Searching for care with simple terms

How we built a more accessible search function to help people find the care they need

Last month, our members conducted tens of thousands of searches on our mobile and web applications, turning to Oscar for advice on which doctor or facility to visit or for information on prescription drugs. Members trust us to guide them to great medical care options, and part of that trust stems from us providing easy-to-use search tools.

Easy-to-use is not easy-to-make, though. Insurance companies have traditionally struggled with building search functions that are easy to use, in part because the underlying data feeding into search is filled with terminology that requires a medical degree to understand. We need to understand medical terminology, but we don’t think our members should have to in order to find quality care. We also have a lot of data that helps us make educated guesses as to what our members might be searching for. For example, when a member searches for “diabetes”, we know, in part from our claims data, that Diabetes Type 2 is more common than Diabetes Type 1. We can use this knowledge to inform the displayed search results.

In building out our search function, the goal was to deliver an experience more in line with what people expect from a tech company than their health insurer. As a result, we now have a simple, accessible, and performant search function.

What Reason for Visit search looks like

One of the most used types of search is Reason For Visit, which allows our users to search for care based on the health issue they’re experiencing or procedure they’re looking into. Members are able to type layman’s terms like “tummy ache”, into our search bar, and we guide them to the right care from there. As the member types “My tummy hurts”, we let them choose whether “Abdominal pain” or “Stomach disorders” is a better fit for the pain they’re experiencing.

Once the member chooses one of these Reason for Visit terms, we explain a few choices they have for care. In the case where a member selects “Abdominal pain”, the member could have a free Doctor on Call consultation by phone, see a primary care physician, or visit an urgent care center.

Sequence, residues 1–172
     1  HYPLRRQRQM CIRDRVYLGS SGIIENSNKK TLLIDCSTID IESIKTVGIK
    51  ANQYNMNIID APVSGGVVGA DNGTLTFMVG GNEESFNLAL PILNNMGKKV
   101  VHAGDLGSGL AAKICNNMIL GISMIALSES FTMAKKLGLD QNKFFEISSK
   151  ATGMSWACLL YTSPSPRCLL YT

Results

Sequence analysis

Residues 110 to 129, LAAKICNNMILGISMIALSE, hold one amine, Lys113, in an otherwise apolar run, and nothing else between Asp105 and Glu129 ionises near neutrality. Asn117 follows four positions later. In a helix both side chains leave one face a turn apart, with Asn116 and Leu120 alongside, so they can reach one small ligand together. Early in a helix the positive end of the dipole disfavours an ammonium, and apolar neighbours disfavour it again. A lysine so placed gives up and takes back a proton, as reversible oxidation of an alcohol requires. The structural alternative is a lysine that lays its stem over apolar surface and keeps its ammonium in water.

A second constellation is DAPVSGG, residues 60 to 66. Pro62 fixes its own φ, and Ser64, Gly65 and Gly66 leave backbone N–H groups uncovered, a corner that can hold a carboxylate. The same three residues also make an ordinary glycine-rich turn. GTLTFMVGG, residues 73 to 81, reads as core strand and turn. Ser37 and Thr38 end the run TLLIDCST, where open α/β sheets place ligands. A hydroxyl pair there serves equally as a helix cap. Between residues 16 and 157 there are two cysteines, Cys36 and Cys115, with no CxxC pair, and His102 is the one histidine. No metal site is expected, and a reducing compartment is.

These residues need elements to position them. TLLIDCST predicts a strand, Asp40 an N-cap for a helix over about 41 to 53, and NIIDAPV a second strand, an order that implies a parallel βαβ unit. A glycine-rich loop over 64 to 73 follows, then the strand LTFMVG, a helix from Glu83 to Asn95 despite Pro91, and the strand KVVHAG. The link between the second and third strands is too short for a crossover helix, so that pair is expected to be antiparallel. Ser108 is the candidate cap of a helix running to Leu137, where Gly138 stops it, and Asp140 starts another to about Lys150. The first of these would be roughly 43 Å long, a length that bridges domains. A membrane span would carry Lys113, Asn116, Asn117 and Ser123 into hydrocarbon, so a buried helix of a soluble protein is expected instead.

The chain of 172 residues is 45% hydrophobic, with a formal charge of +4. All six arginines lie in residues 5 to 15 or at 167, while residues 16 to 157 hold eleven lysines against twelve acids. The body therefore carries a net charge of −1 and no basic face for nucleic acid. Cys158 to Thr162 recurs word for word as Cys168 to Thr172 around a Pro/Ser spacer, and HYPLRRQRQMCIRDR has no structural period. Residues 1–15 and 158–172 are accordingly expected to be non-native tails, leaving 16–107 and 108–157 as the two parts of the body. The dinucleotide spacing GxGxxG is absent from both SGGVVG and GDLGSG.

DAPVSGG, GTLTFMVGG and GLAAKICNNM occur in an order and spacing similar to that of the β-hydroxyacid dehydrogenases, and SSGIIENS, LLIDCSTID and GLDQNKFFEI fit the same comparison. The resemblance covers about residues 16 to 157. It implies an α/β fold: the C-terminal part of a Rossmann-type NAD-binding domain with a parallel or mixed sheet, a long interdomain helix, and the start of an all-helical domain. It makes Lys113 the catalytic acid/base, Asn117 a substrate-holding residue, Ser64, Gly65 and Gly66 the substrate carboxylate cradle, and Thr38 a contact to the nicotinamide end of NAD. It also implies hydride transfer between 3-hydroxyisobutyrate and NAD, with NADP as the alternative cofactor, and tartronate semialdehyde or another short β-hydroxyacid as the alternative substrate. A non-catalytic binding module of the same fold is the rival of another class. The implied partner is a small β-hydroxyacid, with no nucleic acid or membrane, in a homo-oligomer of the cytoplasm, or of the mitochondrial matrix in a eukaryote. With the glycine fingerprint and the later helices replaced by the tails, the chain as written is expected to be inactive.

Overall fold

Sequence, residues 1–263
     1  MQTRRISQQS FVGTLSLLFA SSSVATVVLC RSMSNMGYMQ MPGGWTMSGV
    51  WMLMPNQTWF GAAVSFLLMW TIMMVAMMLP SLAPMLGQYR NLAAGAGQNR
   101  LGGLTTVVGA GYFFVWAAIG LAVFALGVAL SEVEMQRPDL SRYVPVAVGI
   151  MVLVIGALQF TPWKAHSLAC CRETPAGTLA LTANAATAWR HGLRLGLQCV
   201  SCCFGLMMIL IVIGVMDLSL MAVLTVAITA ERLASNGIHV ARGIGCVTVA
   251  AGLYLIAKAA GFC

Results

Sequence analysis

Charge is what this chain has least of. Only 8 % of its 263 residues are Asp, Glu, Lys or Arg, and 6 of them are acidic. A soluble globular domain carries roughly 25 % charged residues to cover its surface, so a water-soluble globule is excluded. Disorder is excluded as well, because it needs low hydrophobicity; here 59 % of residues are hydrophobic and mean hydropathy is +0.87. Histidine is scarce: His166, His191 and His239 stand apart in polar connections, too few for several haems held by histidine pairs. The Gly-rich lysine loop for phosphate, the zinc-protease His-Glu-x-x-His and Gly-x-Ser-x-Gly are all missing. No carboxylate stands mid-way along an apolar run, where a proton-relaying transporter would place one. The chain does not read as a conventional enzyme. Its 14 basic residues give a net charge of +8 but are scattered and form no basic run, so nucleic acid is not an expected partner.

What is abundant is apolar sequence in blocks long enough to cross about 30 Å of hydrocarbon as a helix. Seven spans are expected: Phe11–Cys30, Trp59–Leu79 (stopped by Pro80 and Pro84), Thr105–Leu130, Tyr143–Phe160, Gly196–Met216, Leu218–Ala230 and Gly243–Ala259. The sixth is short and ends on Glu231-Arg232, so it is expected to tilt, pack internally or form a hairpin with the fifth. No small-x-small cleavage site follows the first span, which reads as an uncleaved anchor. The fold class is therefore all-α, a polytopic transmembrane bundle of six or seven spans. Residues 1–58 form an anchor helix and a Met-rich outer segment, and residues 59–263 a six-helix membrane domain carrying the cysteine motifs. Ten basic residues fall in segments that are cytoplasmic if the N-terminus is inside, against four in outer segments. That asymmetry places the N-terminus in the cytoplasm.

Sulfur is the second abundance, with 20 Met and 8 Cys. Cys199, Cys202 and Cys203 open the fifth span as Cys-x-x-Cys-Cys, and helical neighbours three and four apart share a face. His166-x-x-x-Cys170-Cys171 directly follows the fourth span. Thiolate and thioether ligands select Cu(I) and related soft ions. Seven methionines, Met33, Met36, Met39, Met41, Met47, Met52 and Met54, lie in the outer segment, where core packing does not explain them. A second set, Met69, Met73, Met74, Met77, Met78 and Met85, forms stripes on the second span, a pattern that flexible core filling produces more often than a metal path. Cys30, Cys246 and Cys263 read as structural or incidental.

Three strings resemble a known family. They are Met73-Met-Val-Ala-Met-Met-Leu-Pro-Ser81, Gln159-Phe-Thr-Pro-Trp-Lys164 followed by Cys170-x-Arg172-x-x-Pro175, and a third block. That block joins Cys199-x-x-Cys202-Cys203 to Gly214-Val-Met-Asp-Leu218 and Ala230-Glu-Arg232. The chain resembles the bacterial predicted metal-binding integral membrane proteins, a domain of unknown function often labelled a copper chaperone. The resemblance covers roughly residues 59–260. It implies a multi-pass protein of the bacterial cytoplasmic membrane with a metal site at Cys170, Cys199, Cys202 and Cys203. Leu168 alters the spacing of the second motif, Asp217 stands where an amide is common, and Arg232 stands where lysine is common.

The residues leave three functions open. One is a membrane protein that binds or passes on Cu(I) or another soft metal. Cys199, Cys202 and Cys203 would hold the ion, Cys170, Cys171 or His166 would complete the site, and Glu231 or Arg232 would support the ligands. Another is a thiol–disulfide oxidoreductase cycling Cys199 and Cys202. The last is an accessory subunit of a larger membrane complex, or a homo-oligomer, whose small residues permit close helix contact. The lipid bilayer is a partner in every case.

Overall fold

Once a member selects a type of care that best fits their particular issue, such as primary care doctor, we display a list of doctors they can see, ranked by how well each doctor meets the member’s needs based on geographical proximity, appointment availability, and a number of other compatibility factors.

The intuitive mobile UI sits on top of a powerful backend search service. This same Reason for Visit search backend enables a number of different search UIs, including iOS and Android applications, public and members-only web applications, and internal tools used by our Concierge teams that guide members towards the best possible care over a phone call or via a secure text message.

Tailoring our search terms to user needs

The first part of a great search experience is complete and well-structured underlying data. We store a set of medlines — conditions defined by the U.S. National Library of Medicine — with unique IDs, user-facing name strings, user-facing descriptions, and a large list of synonyms. We also store information such as how common each medline is (based on our data scientists’ analyses of Oscar insurance claims as well as third-party claims), and which types of specialists (e.g. psychiatrists) and facilities (e.g. urgent care centers) can treat each medline.

A number of Oscar employees, including on-staff physicians, product managers, and engineers, have worked together to augment public data and customize it to what we know Oscar members need to be able to find. Over time, we have expanded and modified this data, often as people bring their diverse viewpoints to the team, or as we audit our search logs and notice members have had trouble finding something.

For example, at one point we noticed that our members were trying to search for the term “Birth Control”, but we weren’t giving them the full set of results they might need. Today, you can search for “Birth Control” along with similar terms like “Mirena” and get a full list of birth control options to choose from.

Some time ago, we also scanned the search analytics and noticed that members were frequently searching for procedures such as “MRI” and “Mammography” that we didn’t support in our search bar. We added these as reasons for visit, and today “Mammography” is the 5th-most searched Reason for Visit, and “MRI Scan” is the 15th-most searched Reason for Visit.

Storing data in performant, fault-tolerant data stores: RDS and Elasticsearch